Director: Ruben Fleischer
Starring: Josh Brolin, Sean Penn, Ryan Gosling, Emma Stone
Lurid. That’s Gangster Squad in one word. Full of violence as stylized as it is gratuitous, characters so undercooked that even a cast full of fine actors can’t breach their inherent artificiality, and dialogue that sounds like a twelve-year-old’s idea of classic Hollywood sophistication, the film has shockingly little to recommend it. Sure, it contains some cool looking shots, but that can hardly make up for the fact that it’s a failure on pretty much every level.
Set in 1949 in a Los Angeles ruled by gangster Mickey Cohen (Sean Penn), Gangster Squad follows the efforts of one of the LAPD’s only clean cops, John O’Mara (Josh Brolin) as he’s tasked with breaking up Cohen’s organization. Since Cohen has much of the police force on his payroll, O’Mara’s job – commissioned by Police Chief Bill Parker (Nick Nolte) – is off the record, a secret mission to smash up the various parts of Cohen’s empire and bring the gangster back down to earth. O’Mara assembles the eponymous team, which includes Coleman Harris (Anthony Mackie), Conway Keeler (Giovanni Ribisi), Max Kennard (Robert Patrick), and Navidad Ramirez (Michael Pena). The team also comes to include Jerry Wooters (Ryan Gosling), whose previous reluctance to join is obliterated after he witnesses a massacre carried out by Cohen’s goons. He’s further motivated, in part, by his affair with Cohen’s girlfriend, Grace (Emma Stone).
Despite not being all that good at what they’re doing – the squad attempts to rob a casino that turns out to be full of dirty cops, they luck out in a car chase/gun fight thanks to a well-timed grenade, they get lured into a trap that results in what appears to be a number of civilian casualties, and they leave behind evidence that allows Cohen to put the pieces together and discover who they are – they do manage to do enough damage to Cohen’s operations that he’s drawn into an out-and-out war with them. In a finale reminiscent of The Raid, the cops and the gangsters tear up a hotel with results that hit pretty much every single shoot out cliché known to film.
There is a lot wrong with Gangster Squad, but its worst offense is probably its thematic treatment of violence and vigilantism. The film is ostensibly about good guys using bad guy methods to do something good and, despite a limp acknowledgement that perhaps ends don’t justify means so much as they’re tainted by them, nothing about the characterization of the members of the squad suggests that we’re meant to see them as anything other than heroic. The brief argument that the work the squad is doing is turning its members into men they shouldn’t want to be is quickly made and then just as quickly forgotten, uttered by the member coded as the “other,” the nerdy guy working alongside the manliest of men, the one who dies easily in comparison to the others, his intellectualism out of place in a world reduced down to its most basic elements. Meanwhile, the actions of the squad don’t curtail gang violence so much as it escalates it because, until Cohen figures out that he’s dealing with cops, he thinks that the squad is working on behalf of a rival gangster. Up until the gangster squad gets involved, the only people Cohen is killing are the members of his own organization who have somehow failed him and other gangsters; after the squad gets involved, innocent blood starts getting shed left, right and centre thanks to their blunt force methods. But, hey, at least director Ruben Fleischer gets to do a lot of slow motion/fast motion action – because it’s not like that’s played out by now or anything.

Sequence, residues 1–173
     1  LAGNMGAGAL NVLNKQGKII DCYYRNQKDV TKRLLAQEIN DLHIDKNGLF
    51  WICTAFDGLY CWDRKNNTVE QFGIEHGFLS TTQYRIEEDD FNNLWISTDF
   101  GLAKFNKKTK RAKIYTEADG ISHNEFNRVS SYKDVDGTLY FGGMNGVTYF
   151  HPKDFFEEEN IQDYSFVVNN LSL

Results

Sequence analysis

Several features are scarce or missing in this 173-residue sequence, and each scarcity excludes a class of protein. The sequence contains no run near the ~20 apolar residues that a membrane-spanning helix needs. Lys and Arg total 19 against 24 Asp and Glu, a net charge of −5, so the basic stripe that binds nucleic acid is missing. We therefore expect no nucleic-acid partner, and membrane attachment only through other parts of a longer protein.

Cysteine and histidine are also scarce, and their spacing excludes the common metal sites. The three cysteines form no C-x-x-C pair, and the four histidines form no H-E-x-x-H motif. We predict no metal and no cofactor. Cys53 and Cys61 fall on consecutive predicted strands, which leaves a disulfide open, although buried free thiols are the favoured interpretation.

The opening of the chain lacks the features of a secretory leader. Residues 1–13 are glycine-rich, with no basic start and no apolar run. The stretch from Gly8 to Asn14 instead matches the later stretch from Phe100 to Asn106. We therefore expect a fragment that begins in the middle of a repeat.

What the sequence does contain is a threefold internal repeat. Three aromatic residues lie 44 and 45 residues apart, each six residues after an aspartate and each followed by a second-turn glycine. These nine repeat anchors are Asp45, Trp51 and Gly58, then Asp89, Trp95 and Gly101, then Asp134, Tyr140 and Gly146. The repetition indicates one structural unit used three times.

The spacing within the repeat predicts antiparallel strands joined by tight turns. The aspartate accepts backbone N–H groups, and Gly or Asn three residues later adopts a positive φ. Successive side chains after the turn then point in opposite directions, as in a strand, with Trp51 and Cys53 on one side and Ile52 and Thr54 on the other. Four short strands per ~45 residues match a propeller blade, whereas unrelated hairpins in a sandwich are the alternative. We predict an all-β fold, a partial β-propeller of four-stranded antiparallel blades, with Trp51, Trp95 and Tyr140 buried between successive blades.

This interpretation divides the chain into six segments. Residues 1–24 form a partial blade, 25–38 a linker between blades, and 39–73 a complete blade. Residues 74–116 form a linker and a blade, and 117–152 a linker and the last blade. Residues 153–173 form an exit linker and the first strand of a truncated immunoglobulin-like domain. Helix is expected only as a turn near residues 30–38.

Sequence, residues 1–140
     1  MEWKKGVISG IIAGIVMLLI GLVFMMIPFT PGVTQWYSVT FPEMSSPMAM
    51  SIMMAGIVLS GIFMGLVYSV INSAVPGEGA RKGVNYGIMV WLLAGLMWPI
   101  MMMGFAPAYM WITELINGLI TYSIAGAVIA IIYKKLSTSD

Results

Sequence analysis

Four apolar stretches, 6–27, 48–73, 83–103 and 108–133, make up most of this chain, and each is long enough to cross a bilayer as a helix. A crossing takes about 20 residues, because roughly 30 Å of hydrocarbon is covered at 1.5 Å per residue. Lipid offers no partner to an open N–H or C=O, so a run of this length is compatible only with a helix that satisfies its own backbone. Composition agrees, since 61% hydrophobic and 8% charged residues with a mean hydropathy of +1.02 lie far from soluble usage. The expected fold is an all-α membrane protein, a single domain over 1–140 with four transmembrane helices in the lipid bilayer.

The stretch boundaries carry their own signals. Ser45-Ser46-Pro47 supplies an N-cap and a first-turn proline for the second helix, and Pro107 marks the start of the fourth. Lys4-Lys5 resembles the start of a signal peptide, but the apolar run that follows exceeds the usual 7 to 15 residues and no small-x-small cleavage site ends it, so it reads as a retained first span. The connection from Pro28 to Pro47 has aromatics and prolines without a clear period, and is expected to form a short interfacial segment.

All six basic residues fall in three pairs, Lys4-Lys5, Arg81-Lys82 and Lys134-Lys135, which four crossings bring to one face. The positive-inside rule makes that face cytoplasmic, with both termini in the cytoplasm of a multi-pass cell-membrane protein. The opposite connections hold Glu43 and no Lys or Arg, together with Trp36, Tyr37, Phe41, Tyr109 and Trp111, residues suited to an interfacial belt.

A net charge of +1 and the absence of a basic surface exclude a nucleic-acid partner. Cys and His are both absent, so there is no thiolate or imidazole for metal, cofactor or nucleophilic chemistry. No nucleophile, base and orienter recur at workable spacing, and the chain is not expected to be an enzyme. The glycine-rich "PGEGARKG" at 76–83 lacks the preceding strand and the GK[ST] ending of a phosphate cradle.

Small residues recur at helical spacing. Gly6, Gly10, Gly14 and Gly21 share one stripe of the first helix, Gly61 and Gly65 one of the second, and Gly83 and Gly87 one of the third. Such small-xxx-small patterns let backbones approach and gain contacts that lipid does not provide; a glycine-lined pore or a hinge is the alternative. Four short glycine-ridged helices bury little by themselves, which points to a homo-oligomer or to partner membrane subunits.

There are a lot of good actors in Gangster Squad - they’ve been good before and, I’m certain, they’ll be good again, but all their talent is utterly wasted in this movie. The characters are so thin and so unreal that it renders the story weightless – the stakes aren’t just low here, they’re non-existent because the film has such a tenuous connection to reality. Gangster Squad is basically a bunch of good actors playing dress up, killing time between decent projects. It’s a film best forgotten.